The Regional Council has just published the results of the study, and at this point its bad news for central Newtown. The transport spine needs to integrate with the destinations it serves, our many submissions over the years as to how this might be achieved in Newtown have been overlooked.
This is a component of the larger Ngauranga to Airport Corridor Plan (2008). It was commissioned jointly by Greater Wellington Regional Council, Wellington City Council and the NZ Transport Agency. The sharp edged issue the study was grappling with was that continuing to rely on conventional buses for public transport from the south and east of the city was simply going to turn the central city into a permanent traffic-jam. The study looked at 3 options for modes of public transport, whittled down from an originally larger range. The options costed out by the study were:
- Bus Priority – Essentially the current bus and bus lane system on steroids;
- Bus Rapid Transit (BRT) – Dedicated bus lanes for new bigger buses;
- Light Rail Transit (LRT) – Lanes and tracks for new light rail vehicles.
The study reports that Bus Priority would be ineffective, and the Light Rail would be unaffordable, leaving the Bus Rapid Transit as the “live” option. At a headline level this all appears to make sense, but inevitably there will be some significant impacts on neighbourhoods along the proposed route……
Impact on Newtown
The Newtown section of the prefered BRT solution presented in the report would involve;
- Two bus only lanes down the centre of Riddiford St from the John St intersection to Mein St. This is identified as requiring 2m widening of the road for the short section north of the main hospital entrance, and the loss of parking;
- One bus only lane down the centre of Riddiford St from Mein St to Constable St. The planning assessment commissioned as part of the study notes: “There will also be the loss of some street planting and hard landscaping with the removal of parking. Overall these options will produce a significant change within the Newtown Town Centre particularly with the reconfiguration of the road and the loss of parking.”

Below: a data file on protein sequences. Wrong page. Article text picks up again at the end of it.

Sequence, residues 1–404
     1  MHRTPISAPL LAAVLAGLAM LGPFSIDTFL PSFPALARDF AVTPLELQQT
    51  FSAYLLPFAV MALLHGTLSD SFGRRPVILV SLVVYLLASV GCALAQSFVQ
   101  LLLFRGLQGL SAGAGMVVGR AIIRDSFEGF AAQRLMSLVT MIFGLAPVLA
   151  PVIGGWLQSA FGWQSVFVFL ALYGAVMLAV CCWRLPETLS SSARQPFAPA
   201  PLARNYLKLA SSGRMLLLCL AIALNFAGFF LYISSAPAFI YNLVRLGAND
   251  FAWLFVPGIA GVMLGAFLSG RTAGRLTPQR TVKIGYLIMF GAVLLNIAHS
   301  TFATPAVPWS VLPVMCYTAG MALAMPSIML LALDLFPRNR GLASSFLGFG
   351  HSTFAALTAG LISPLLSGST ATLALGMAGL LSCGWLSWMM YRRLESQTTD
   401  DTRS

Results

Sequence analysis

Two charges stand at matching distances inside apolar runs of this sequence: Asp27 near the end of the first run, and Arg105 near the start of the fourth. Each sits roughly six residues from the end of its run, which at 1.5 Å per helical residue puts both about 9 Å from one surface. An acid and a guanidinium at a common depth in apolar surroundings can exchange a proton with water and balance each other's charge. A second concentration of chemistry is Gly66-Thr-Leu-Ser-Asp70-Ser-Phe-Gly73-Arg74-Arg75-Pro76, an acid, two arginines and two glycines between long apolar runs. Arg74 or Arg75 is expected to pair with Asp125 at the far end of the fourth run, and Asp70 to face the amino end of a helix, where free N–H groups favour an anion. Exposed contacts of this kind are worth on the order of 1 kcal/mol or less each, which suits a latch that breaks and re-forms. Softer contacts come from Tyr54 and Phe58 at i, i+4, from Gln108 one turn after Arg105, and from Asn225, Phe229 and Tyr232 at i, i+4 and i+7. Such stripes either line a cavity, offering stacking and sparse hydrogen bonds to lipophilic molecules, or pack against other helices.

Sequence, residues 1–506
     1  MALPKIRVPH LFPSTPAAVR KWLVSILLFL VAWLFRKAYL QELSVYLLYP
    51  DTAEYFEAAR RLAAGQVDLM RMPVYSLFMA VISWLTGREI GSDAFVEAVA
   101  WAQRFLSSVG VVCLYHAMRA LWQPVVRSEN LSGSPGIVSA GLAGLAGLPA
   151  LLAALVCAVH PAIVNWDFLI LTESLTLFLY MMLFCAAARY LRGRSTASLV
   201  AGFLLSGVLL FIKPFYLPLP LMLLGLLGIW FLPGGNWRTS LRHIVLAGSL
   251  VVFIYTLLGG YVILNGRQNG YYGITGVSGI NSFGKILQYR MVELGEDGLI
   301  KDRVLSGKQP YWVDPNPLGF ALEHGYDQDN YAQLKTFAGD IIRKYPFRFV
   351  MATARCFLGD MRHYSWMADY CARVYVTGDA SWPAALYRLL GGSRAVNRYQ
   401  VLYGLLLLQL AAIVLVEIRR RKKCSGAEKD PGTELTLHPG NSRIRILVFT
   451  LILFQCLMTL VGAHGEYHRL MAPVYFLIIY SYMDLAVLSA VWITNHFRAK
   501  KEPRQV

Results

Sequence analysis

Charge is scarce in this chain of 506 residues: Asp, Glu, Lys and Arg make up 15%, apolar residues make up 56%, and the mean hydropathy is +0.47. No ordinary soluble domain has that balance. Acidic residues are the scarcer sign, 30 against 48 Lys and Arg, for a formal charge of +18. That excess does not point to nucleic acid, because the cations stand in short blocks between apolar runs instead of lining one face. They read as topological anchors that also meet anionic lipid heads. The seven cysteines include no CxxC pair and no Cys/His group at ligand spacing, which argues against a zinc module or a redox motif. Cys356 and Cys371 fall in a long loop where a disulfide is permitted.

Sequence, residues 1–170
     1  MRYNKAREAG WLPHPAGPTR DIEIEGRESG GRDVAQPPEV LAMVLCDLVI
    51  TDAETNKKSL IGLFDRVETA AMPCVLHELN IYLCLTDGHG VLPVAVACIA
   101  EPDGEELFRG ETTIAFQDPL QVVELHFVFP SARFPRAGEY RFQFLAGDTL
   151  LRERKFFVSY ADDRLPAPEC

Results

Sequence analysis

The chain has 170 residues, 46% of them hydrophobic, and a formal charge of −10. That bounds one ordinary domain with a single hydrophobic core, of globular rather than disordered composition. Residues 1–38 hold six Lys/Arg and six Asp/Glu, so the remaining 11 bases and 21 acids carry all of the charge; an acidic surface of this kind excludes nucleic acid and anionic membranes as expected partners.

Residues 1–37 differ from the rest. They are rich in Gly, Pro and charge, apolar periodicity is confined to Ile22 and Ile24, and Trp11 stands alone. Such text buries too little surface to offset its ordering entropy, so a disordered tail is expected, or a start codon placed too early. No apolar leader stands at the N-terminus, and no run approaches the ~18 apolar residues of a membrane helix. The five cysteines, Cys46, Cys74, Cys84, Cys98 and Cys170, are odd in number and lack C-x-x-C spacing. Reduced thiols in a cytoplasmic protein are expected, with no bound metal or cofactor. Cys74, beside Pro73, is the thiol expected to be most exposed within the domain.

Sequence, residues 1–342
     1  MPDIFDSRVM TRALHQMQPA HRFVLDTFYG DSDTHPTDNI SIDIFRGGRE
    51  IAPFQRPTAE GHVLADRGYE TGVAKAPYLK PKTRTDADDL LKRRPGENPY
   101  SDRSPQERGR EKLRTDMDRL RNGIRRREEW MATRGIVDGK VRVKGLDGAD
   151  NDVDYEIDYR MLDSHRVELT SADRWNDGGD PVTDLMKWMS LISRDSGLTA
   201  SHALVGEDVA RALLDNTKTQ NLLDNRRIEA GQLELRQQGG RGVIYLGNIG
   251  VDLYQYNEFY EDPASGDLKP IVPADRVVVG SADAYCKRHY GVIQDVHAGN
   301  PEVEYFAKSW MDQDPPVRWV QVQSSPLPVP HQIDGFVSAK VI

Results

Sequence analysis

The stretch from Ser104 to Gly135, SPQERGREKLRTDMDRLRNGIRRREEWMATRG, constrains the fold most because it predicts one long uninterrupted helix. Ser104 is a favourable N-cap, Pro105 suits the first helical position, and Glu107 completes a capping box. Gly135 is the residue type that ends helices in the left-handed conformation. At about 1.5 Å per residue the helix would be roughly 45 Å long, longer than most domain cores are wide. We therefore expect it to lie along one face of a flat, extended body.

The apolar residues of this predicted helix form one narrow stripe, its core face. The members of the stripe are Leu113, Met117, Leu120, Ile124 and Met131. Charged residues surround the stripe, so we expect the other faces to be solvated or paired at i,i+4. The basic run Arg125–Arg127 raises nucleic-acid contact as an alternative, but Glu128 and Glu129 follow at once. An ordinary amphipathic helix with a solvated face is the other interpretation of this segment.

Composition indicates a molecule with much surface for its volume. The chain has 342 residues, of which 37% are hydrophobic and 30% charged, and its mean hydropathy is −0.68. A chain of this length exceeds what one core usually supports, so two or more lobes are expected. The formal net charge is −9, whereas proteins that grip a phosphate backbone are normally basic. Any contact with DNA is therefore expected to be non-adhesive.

- Yes the BRT bus does drive as if on the wrong side of the road, but its not clear how zig – zagging around the median strip works……. (maybe the median strip is moveable am to pm)
- This option effectively ends in Newtown, and (unlike the Bus Priority one) does not involve any road layout changes on the route up Constable St on to Kilbirnie, and simply has the buses mixing it with other traffic.
Cities are for people !
The planning assessment understates it. The prefered BRT and in fact all of the Transport Spine options significantly affect central Riddiford Street – removing ALL of our street trees and demolishing our pedestrian friendly kerb extensions and central refuge islands. Expunging our suburban centre character elements through Riddiford Street (from Mein Street to Constable Street) has overlooked the safety and traffic calming reasons for which these features were created. Traffic movement is further favoured over pedestrian safety with 50% of the kerbside parking removed – putting moving vehicles hard against the gutter leaves no room for pedestrians to stumble.
Transport Spine – Newtown options Adelaide Road to Constable Streets shows changes for the spine end here in Riddiford Street and that Constable Street fares better, with parked cars remaining as a pedestrian buffer zone to live traffic lanes.
Destroying the safety and live-abilty of central Newtown is an unnecessary 315m segment at the very end of the preferred BRT option.
All public transport users are also pedestrians. The transport spine needs to integrate with the destinations it serves – 250 metres shorter the proposal would work just as well and Newtown would be a pedestrian friendly welcoming transport hub.
Help Newtown be Heard
At this stage we can agree with this as the preferred option identified by the study, it’s the detail of how it fits the heart of Newtown we need to influence.
Newtown’s many submissions over the years in favour of improved public transport and as to how the transport spine might be integrated through Newtown have been overlooked.
Please go to the “have your say” website where you can register and help save Newtown’s pedestrian friendly character. Encourage your friends to do the same.
The process from here will involve formal consultation by the Regional Council over the coming months with a view to decisions being made around the end of the year.
After that timeframes are quite long – construction for the new system would not be complete until 2021-22.
We plan to arrange someone from the Regional Council to come along to explain the study to the July monthly meeting. Hopefully visiting Newtown will give them a better understanding of local pedestrian safety.
Appendix B from which the images of the Newtown section outlined here have been extracted shows the complete city layout. For those interested in understanding even more detail there is a wealth of information on the Greater Wellington website